In most disaster movies, the naysayers and doubters usually look silly and irrelevant in the larger scheme of the impending plot. This time around, I’m one of those naysayers/doubters.
Poor Harold Camping…on a radio show earlier today, when asked, “what if the world doesn’t end tomorrow?” Camping essentially said something like, “it has to end, we don’t have a back-up plan”.
For those who believe tonight will be the last full night of life on this earth as we know it, take a deep breath and read the following. Apparently, the guy has done this before!
In a comfortable office, Bible placed firmly atop his lap, 89-year-old Harold Camping is preaching with utter certainty about the end of the world. “May 21, 2011, is the day of judgment,” he says with conviction, in a YouTube video posted last year. “It is the day that ends all gospel salvation activity … It is the most important day by a billion times than any other day the world has ever known.” On that day, Camping estimates roughly 207 million people, or about 3% of the world’s population, will be plucked from the earth. What will follow is five months of earthquakes and other calamities until the world officially ends on Oct. 21 of this year.
Like all who proselytize the end the world, Camping has spread his message using a small army of followers; in his case, they’re supported by a substantial budget that by some estimates is more than $100 million. There have been stories in the media of families selling their homes, quitting their jobs and budgeting their finances such that by May 21 they will be left with nothing. After all, they won’t need it, right?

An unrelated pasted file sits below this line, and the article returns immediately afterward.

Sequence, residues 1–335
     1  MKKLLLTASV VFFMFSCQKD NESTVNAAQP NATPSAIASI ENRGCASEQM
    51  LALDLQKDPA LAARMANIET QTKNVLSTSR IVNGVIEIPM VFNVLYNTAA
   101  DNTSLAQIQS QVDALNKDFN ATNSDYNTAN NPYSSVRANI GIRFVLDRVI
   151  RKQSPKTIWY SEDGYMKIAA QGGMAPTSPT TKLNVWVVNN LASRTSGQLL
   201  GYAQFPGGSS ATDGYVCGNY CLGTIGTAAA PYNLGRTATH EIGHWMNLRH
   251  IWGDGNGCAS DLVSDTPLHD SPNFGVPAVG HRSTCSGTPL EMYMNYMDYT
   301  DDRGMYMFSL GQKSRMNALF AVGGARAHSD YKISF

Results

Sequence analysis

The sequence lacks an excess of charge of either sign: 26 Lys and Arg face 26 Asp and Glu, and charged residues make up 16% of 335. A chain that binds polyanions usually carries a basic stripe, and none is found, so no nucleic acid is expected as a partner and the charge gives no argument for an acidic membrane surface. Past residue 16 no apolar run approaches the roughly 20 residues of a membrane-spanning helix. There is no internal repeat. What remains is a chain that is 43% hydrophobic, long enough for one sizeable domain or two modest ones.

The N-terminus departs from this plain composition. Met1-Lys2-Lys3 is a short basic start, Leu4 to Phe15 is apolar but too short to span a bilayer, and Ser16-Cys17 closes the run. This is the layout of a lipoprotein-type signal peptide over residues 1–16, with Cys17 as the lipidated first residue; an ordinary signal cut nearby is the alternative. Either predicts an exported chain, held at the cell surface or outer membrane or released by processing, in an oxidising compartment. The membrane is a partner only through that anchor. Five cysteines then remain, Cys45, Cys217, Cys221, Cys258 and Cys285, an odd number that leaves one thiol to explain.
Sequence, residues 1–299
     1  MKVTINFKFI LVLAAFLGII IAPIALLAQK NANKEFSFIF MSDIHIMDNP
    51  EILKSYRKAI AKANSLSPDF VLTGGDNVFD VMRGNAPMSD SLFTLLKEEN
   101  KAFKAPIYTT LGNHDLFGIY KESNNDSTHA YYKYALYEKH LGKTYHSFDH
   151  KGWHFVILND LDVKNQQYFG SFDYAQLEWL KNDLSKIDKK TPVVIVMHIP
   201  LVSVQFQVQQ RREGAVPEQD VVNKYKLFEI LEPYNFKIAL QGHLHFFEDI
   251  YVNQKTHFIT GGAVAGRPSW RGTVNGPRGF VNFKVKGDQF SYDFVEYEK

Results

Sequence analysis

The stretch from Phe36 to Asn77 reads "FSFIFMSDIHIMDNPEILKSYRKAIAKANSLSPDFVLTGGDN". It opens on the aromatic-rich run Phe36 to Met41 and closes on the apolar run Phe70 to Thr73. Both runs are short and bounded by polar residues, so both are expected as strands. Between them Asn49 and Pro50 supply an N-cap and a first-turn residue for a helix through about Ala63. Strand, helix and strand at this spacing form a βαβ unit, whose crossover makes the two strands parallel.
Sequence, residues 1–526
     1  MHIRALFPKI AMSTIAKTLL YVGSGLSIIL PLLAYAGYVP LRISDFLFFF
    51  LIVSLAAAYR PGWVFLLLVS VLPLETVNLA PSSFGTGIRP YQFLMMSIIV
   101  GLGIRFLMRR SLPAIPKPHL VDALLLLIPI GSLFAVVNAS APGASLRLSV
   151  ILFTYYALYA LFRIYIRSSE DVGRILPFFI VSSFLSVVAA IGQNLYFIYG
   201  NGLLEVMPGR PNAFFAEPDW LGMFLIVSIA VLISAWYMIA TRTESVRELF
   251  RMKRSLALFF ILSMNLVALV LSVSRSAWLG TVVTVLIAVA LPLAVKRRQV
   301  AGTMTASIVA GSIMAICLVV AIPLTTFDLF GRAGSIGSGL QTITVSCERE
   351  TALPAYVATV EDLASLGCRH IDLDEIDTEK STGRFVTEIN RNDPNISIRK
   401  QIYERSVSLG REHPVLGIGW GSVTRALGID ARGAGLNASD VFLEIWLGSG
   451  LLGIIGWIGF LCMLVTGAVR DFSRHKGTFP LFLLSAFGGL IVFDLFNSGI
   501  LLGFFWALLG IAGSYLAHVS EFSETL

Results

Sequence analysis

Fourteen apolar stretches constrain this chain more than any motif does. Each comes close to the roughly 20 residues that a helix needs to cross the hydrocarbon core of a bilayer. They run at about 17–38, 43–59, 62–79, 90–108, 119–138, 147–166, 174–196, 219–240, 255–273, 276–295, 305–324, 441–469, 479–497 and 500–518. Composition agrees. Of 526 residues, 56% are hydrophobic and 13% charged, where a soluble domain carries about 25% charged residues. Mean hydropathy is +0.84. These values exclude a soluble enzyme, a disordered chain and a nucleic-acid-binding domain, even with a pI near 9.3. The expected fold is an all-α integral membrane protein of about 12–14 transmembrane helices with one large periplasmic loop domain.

But Camping has been wrong before. The former engineer, who started the Family Radio network in 1958, predicted in 1992 that the world would end in September 1994. (He also wrote a book, titled 1994?, along the same lines.) When the apocalypse failed to materialize, Camping cited a mathematical error and re-emerged with a new date: May 21, 2011. Despite dubious evidence to support it, the current campaign has garnered a surprising number of followers, who hand out pamphlets, broadcast his message from the backs of trucks and plaster it on billboards nationwide — a fact that Paul Boyer, a historian at the University of Wisconsin who studies apocalyptic beliefs, attributes to Camping’s radio voice. “He has a very compelling manner of speaking,” Boyer says. “He speaks with conviction and there’s a certain percentage of people who will respond to that sort of belief.”